Feeds:
Posts
Comments

Posts Tagged ‘forgiveness’

“He gave His life to free us from every kind of sin, to cleanse us, and to make us His very own people, totally committed to doing good deeds.”

Titus 2:14 pretty much sums it up.

Let’s do good deeds today.

It’s what the committed do.

As always, I love you
Martin

Advertisements

Read Full Post »

I love this message found in Proverbs 24:16 —

The godly may trip seven times, but they will get up again.”

Our being godly is not reflected by being flawless, but instead by being faithful.

And our being faithful is reflected by pressing forward in serving God even when our failures and the forces of darkness press against us.

We all trip by committing overt sins or sometimes we subtly sin by not trusting God to help us keep doing the right things when wrong things come against us.

The godly among us recognize that we’ve fallen short of God’s glory at such times and that we’re to seek God’s forgiveness so that He’ll put us back on our feet spiritually and emotionally.

It’s a wonderful thing to experience God’s forgiveness and restoration to being used by Him at home or work or school.

“He lifted me out of the pit of despair, out of the mud and the mire. He set my feet on solid ground and steadied me as I walked along.” (Isaiah 40:2)

God is in the lifting business, dear friend. Let’s call out to Him in faith whenever we’ve fallen.

It’s what the godly do.

As always, I love you
Martin

Read Full Post »

We all know what it’s like to see another believer do or say something that erodes his or her Christian testimony and, therefore, his or her influence for Christ.

Sadly, we also know that we’ve done the same on more than one occasion.

We can’t undo the past.

But we can do better in the future.

Better lives are depending on us.

That’s why it’s important that we heed the Apostle Paul’s example as described in 2 Corinthians 6:3-4.

“We live in such a way that no one will stumble because of us, and no one will find fault with our ministry. In everything we do, we show that we are true ministers of God.”

God wants people’s souls to be saved into a life of serving Him and serving others.

The Devil wants people’s souls to be lost in a deteriorating life of serving self and influencing others to do the same.

“How will my choice influence another closer to God?” seemed to be at the top of Paul’s mind based on the passage above.

Let’s embrace the same guiding principle for how we live and make decisions.

In everything we do, let’s show that we are true ministers of God.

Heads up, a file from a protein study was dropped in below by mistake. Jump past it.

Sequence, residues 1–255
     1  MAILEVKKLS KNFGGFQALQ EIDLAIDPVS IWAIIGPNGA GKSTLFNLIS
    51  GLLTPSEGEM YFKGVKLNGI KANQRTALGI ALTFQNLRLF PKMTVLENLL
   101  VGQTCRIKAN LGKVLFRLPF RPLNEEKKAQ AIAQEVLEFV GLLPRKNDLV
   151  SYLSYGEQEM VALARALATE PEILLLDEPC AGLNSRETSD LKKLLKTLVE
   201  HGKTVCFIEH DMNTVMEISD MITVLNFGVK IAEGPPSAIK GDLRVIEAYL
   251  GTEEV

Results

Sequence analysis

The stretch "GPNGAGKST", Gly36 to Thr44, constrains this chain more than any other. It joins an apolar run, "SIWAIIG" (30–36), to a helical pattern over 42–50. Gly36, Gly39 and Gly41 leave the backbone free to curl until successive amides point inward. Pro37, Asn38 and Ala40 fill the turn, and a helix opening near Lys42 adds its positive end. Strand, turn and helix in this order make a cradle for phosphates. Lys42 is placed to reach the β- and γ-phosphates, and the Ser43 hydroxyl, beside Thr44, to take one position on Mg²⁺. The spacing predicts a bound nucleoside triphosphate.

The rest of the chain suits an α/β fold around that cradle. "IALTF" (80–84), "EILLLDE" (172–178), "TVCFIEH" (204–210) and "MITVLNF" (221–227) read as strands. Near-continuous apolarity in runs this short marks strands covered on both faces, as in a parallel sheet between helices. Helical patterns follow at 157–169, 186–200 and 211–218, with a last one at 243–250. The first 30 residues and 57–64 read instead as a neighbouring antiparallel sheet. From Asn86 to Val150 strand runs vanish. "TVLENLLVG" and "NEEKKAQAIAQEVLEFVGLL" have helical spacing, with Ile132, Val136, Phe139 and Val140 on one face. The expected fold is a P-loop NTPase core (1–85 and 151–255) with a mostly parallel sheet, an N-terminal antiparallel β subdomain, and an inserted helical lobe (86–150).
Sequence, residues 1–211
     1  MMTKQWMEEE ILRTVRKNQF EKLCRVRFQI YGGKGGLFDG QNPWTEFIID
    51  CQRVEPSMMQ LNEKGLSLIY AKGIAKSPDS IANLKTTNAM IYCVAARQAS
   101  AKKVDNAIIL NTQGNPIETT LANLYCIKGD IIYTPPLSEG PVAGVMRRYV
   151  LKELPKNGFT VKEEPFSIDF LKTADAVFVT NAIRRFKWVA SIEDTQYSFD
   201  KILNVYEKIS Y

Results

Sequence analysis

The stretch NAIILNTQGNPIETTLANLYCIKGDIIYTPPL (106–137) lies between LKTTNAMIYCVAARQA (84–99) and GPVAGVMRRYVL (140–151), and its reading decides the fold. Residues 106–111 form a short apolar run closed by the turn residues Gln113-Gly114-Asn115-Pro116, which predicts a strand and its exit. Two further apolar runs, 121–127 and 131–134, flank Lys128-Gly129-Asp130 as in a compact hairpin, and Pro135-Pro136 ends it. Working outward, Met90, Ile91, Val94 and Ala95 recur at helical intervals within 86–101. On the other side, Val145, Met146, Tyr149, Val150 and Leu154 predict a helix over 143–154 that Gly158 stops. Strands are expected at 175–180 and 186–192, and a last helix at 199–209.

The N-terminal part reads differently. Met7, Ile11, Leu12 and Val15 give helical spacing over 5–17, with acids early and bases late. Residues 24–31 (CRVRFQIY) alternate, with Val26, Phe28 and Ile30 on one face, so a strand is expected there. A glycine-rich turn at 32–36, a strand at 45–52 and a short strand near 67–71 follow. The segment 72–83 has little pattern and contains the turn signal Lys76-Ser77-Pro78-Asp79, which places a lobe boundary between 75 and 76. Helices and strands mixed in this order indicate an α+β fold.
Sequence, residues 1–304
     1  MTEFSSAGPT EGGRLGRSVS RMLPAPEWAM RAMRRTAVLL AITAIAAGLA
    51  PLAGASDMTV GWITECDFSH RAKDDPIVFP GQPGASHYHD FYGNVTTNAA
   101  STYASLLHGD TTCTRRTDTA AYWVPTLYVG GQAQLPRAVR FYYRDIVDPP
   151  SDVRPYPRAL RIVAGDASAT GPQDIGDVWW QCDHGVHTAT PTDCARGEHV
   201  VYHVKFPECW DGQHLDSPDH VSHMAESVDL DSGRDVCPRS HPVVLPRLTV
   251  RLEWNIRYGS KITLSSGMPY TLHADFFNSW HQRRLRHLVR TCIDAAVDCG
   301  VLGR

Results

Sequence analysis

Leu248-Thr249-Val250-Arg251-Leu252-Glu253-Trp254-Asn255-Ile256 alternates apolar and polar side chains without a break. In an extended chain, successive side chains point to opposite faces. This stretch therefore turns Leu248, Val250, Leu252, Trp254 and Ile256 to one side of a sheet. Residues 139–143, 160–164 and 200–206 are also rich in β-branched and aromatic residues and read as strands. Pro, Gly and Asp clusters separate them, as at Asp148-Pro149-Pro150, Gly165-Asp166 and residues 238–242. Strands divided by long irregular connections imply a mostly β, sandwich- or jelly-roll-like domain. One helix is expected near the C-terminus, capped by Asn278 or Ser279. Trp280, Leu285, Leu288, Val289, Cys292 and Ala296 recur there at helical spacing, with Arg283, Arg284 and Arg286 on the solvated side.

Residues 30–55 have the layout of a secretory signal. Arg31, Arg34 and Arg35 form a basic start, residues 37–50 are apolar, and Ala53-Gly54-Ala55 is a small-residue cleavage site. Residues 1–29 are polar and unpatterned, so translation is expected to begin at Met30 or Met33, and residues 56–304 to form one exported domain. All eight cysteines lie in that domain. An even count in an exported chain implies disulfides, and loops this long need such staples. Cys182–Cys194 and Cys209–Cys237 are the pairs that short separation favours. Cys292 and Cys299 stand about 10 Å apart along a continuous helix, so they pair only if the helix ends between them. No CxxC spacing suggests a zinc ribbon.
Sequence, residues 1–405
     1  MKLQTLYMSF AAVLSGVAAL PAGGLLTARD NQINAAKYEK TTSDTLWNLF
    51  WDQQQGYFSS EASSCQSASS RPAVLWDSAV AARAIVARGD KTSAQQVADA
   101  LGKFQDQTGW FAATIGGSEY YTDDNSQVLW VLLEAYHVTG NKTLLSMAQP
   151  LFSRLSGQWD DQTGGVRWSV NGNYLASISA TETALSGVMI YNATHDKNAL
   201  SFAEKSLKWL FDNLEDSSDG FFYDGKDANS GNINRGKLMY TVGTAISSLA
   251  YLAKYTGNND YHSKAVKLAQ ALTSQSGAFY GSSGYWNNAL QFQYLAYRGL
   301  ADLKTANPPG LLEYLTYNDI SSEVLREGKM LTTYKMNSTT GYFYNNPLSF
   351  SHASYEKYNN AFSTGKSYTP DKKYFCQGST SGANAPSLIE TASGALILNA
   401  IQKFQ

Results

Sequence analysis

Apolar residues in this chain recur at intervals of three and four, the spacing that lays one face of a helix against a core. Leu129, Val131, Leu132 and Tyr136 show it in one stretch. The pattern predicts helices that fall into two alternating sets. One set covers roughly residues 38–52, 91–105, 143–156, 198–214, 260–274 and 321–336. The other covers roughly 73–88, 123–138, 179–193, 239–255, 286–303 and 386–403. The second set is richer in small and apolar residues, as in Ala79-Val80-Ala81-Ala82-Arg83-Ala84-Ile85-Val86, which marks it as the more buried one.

Help the needy.

Hug the hurting.

Listen to the lonely.

Flee temptations, especially that stumbling block sin that seems to follow you like a shadow.

Forgive. Even the repeat offenders.

And with every action, try to humbly explain the motive of doing for others what Christ has done for us.

As always, I love you
Martin

Read Full Post »

If there is an enduring obstacle to your pursuit of a settled life, perhaps there is an unjust decision in your past, whether made by you or someone close to you.

If you believe in God, then you have to believe that people will always — eventually — face consequences for unjust decisions that harmed others.

You and I won’t encounter restitution decisions on the scale faced by King David in this passage, but the principle remains the same.

If we do wrong against others, particularly if it violates an oath made to God, somebody someday will suffer the consequences until there is a restitution/reconciliation effort.

The offense mentioned in this passage regarding King Saul violated Israel’s oath during the Promised Land conquest to not kill Gibeonites. It’s a long story recorded in Joshua 9 but the point is this: If we break a promise, even generations later, God will see to it that we face consequences.

Promises are very important to God.

It’s all about integrity.

Good thing, too.

We’re sure counting on God to keep His promise of eternal blessing to us.

Let’s do our best to live in ways that pours blessing into others’ lives, not broken promises.

And if we encounter a life obstacle that just won’t go away — whether individually or as a family or congregation — let’s pray for wisdom to see if a broken promise or residual, unrepentant sin is perhaps the cause.

A settled life moving unhindered toward eternity is a much better outcome.

As always, I love you
Martin

Read Full Post »

I Samuel 26 describes the opportunity David had to kill King Saul, the unjust ruler whose jealousy left him obsessed with killing David.

Despite the persistent push of Saul to end David’s life, the young king-in-waiting resisted the temptation to seek revenge against Saul.